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Am J Surg Pathol. 2002 Apr;26(4):440-9.

Endometrial stromal sarcoma metastatic to the lung: a detailed analysis of 16 patients.

Author information

1
Department of Laboratory Medicine and Pathology, Mayo Clinic, Rochester, Minnesota 55905, USA. aubry.mariechristine@mayo.edu

Abstract

Pulmonary metastases of endometrial stromal sarcoma (ESS) are uncommon and can pose diagnostic problems. We reviewed lung specimens from 16 patients with metastatic ESS. Patients were 31-77 years of age at the time of lung biopsy. Uterine ESSs were diagnosed an average of 9.8 years before lung biopsy in 11 patients. Uterine ESSs were originally called smooth muscle tumors in three additional patients. Thirteen patients were evaluated for new pulmonary nodules, seven of whom were asymptomatic. Nodules were multiple in 14 and solitary in four, ranging from 1.0 to 8.0 cm in greatest dimension. One patient died of metastatic disease; 14 were alive and seven of these were without disease (mean follow-up 4.1 years). Diagnostic considerations in 12 consultation cases included ESS, sclerosing hemangioma, carcinoid tumor, lymphangioleiomyomatosis, endometriosis, hemangiopericytoma, and lymphoma. Tumors were well circumscribed and usually solid, composed of plump spindle cells arranged in short fascicles. Two tumors were predominantly cystic. Sex cord-like stromal differentiation was identified in three. Neoplastic cells stained for vimentin (93%), estrogen and progesterone receptor (100%), smooth muscle actin (57%), desmin (50%), and keratin (46%). Metastatic ESS should be included in the differential diagnosis of nonepithelial neoplasms in women.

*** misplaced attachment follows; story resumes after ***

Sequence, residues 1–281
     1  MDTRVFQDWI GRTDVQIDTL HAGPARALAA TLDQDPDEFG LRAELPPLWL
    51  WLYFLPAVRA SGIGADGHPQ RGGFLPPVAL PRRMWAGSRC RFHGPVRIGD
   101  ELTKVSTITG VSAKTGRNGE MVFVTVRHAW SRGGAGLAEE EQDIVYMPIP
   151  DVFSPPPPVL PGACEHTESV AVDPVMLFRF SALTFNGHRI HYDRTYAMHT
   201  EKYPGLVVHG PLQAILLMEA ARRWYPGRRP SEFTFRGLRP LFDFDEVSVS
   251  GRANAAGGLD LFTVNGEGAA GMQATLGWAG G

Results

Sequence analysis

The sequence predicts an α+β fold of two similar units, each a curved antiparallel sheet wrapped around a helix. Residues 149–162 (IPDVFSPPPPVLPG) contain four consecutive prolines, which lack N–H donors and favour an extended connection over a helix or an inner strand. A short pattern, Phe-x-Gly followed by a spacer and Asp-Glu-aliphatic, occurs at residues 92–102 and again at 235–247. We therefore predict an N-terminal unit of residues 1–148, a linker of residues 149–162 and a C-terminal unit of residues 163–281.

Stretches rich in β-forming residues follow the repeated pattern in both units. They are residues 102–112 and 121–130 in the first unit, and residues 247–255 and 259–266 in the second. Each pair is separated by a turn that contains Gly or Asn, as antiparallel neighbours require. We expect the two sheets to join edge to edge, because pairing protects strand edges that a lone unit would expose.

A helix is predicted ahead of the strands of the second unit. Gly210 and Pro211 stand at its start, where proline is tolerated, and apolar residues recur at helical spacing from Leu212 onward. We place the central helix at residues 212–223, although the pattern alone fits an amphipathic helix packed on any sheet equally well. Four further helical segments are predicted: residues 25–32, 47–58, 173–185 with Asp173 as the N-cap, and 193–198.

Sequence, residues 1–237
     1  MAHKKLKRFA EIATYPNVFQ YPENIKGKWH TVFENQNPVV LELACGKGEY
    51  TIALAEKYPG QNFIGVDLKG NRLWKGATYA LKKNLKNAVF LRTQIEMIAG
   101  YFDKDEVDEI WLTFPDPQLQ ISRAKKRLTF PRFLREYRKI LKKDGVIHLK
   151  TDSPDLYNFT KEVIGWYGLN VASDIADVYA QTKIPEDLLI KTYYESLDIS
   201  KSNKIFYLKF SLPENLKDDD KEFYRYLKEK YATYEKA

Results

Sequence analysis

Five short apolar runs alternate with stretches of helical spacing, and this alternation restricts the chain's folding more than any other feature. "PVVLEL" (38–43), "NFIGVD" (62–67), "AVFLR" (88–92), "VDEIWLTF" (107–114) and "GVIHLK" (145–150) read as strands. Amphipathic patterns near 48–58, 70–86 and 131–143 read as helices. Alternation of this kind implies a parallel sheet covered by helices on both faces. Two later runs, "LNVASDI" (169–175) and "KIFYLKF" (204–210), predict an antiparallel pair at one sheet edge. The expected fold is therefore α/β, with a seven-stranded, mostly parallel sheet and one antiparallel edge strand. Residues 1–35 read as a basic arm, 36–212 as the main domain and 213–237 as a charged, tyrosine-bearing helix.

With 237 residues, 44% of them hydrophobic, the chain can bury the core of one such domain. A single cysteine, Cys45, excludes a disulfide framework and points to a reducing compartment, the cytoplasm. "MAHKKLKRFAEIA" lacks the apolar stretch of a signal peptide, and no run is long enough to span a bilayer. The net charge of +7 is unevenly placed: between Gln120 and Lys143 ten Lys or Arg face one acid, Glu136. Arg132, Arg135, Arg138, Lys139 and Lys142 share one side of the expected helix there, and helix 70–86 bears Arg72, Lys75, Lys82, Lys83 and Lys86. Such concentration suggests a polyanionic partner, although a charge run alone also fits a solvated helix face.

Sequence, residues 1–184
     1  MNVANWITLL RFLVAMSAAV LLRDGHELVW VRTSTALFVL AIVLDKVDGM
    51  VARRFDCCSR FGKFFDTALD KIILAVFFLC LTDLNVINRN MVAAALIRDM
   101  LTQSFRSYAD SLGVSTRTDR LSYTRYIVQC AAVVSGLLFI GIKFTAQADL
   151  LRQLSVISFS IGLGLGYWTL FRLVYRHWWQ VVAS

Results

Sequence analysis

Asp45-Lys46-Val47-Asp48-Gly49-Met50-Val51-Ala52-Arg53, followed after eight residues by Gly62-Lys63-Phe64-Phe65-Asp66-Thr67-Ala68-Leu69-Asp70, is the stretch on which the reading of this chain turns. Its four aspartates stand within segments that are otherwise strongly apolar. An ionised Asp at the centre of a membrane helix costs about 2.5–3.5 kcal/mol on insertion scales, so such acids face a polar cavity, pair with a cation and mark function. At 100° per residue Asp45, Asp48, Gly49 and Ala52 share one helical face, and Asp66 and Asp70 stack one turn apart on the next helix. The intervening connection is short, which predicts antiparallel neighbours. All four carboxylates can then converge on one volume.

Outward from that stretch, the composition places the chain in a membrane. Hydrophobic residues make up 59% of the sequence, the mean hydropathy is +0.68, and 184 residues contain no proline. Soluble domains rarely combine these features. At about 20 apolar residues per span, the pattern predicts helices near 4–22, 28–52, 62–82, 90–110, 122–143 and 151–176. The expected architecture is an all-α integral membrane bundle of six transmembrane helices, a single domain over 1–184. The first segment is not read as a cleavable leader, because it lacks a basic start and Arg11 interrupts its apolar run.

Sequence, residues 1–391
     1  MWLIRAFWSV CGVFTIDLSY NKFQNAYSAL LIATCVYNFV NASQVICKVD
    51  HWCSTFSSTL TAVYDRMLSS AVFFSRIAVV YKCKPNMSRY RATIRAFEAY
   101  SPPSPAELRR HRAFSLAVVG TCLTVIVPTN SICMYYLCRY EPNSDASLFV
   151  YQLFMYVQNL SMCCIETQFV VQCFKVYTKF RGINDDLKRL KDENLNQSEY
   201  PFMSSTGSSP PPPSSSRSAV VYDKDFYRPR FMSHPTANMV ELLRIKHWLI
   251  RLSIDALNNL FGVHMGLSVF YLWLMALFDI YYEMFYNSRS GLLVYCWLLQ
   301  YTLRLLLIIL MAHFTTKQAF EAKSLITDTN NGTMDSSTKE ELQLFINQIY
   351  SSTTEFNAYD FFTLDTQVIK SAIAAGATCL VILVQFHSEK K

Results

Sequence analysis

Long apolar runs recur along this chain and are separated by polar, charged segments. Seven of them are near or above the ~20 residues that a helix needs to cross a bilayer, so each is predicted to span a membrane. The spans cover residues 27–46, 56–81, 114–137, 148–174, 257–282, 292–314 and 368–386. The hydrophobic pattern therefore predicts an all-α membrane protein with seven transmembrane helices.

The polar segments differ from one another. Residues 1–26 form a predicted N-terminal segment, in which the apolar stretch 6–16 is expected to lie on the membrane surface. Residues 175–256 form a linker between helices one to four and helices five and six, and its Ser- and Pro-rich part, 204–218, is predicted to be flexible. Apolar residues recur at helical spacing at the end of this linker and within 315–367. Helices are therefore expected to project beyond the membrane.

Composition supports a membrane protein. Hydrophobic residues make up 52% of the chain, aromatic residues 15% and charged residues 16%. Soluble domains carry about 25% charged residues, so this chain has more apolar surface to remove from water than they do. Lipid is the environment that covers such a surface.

[Indexed for MEDLINE]

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